Another method which may be used to cool the substrate 10 is to completely close off the high vacuum pumping port (not shown) and admit enough gas for effective conduction. This involves only an initial gas flow which is then stopped when the operating pressure is reached. To stop the cooling, the high vacuum valve is then opened and the relatively small net amount of gas is pumped away, restoring high vacuum in the processing chamber 20.
After cooling the substrate 10 to a predetermined temperature, the substrate 10 is removed from the processing chamber 10 by the substrate holder 11.
The controls and examples which follow illustrate the superior performance of the invention. The controls and examples are for illustrative purposes only and are not meant to limit the scope of the claims in any way.
A 95 mm. dia.×0.050" thk. un-coated (except for electroless nickel) aluminum disk was employed for the following experimental analysis. The disk was placed in a V-block and preheated to 300° C. The disk was equipped with a conventional thermocouple to closely monitor the disk temperature. The spacing between disk and each heat sink spacer was maintained at 0.225".
In the first experiment, the cooling rate was measured without conductive helium present. This experiment thus measured the cooling rate due to radiation only and is shown in FIG. 4.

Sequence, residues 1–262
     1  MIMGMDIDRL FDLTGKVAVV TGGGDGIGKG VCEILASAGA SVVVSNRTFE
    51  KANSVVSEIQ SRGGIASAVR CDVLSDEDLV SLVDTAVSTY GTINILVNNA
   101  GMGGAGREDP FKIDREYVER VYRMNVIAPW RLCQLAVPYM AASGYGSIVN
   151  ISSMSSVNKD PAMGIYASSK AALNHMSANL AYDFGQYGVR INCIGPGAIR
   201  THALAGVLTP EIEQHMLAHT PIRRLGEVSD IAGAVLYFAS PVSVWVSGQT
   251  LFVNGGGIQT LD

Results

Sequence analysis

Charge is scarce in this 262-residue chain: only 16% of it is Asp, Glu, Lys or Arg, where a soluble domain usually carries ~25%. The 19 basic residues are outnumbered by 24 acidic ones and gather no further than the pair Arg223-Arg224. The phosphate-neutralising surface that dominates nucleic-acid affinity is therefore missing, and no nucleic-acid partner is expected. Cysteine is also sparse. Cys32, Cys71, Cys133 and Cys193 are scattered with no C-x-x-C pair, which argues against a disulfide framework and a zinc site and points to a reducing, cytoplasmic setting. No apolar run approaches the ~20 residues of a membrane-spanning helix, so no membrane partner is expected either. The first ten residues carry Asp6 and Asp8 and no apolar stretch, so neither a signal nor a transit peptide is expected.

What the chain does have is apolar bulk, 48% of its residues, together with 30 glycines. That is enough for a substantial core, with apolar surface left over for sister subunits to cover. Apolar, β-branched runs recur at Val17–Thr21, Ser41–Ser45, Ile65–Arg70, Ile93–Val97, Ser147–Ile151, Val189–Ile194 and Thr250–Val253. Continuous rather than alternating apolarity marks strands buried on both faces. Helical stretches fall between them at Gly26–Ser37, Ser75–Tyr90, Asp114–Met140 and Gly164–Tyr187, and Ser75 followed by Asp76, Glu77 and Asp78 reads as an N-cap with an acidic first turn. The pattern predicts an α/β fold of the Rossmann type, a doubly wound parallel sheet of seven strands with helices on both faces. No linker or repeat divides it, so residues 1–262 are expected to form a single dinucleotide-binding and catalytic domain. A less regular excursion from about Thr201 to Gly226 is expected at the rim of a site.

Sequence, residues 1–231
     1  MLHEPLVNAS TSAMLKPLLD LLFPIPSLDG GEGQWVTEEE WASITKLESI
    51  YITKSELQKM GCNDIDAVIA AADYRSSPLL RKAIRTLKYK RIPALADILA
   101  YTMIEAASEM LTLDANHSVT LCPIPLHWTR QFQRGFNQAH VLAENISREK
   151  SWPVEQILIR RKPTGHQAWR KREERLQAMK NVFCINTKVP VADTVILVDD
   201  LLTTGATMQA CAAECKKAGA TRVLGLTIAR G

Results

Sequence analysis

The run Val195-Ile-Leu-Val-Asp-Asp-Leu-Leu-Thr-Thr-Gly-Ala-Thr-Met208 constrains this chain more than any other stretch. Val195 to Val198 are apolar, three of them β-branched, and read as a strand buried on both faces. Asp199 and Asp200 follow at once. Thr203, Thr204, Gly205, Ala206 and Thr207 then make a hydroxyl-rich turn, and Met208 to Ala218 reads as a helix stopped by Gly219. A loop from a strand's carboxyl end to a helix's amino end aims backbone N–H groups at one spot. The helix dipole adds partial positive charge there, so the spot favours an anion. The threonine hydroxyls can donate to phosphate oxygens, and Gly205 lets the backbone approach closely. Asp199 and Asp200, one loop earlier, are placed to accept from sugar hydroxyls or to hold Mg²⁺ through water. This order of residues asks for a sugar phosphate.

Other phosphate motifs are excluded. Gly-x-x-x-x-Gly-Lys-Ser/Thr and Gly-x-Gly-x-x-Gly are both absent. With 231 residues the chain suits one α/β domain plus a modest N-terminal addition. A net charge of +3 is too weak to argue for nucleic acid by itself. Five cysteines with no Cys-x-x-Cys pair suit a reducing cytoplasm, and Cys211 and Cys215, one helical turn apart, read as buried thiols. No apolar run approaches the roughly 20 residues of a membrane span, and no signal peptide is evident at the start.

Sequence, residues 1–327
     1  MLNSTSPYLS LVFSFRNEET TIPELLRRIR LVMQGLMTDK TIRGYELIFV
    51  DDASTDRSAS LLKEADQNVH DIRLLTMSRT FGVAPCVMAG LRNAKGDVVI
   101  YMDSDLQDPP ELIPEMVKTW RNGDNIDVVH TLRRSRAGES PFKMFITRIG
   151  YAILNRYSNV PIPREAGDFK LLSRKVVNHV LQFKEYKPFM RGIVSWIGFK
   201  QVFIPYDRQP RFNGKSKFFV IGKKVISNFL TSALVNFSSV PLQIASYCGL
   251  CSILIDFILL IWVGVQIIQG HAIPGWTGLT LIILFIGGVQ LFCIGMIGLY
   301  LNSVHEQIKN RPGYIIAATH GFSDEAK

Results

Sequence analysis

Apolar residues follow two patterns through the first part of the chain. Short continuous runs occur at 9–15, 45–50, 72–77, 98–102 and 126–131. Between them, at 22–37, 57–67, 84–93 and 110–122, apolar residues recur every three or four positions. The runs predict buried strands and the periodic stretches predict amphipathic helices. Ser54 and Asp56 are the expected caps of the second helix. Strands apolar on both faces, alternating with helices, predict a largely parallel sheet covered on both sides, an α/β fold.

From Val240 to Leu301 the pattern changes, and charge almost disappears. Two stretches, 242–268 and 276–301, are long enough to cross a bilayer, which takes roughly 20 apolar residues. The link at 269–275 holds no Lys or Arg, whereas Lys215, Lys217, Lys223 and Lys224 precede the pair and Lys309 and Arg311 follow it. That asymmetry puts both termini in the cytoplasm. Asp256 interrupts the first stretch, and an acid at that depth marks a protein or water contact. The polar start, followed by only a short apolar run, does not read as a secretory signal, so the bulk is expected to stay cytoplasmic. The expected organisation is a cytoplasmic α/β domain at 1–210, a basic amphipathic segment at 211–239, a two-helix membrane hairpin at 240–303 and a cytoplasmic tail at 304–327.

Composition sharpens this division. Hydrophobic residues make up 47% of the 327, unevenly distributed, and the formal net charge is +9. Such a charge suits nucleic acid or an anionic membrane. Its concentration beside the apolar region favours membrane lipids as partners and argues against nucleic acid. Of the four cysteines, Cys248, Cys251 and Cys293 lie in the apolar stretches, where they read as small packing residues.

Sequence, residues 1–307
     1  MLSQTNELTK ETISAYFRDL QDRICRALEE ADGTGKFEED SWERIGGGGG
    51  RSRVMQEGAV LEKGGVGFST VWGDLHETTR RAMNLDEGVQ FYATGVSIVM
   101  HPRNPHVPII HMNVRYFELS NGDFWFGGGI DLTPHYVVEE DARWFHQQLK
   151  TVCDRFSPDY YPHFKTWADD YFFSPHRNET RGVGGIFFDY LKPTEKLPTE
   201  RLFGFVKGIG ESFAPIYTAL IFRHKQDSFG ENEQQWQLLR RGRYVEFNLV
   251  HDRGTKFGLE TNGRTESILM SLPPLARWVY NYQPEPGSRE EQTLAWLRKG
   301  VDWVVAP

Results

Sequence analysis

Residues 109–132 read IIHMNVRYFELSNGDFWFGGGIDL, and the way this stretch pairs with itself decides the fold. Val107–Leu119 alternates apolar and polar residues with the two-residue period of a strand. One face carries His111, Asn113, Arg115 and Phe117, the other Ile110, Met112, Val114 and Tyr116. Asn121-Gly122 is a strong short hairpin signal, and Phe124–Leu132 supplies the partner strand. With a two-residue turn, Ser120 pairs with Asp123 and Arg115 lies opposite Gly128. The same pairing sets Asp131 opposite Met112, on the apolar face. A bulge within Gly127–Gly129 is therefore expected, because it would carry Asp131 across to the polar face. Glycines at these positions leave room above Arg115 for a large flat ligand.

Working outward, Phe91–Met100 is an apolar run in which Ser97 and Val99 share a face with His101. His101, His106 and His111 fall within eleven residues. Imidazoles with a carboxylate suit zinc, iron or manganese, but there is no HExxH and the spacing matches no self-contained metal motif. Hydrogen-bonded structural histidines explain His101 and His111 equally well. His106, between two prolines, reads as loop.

Similar cooldown experiments were then repeated at various helium pressures, as shown in FIGS. 4, 5, 6 and 7, with the heat sink temperature maintained at 21° C. using cooling water. FIG. 8 illustrates the enhanced cooling rate which was achieved using cryogenic heat sinks at -130° C. The results of the above experiments are summarized in Table 1.
TABLE 1______________________________________ Time to Reach 150° C. From 300° C. InitialPressure Heat Sink Temp °C. Temp.______________________________________High vacuum 21° C. 625 sec.44.4 mtorr 21° C. 315 sec.84.0 21° C. 227 sec.125.8 21° C. 195 sec.251 23° C. 120 sec.242 -130° C. 62 sec.______________________________________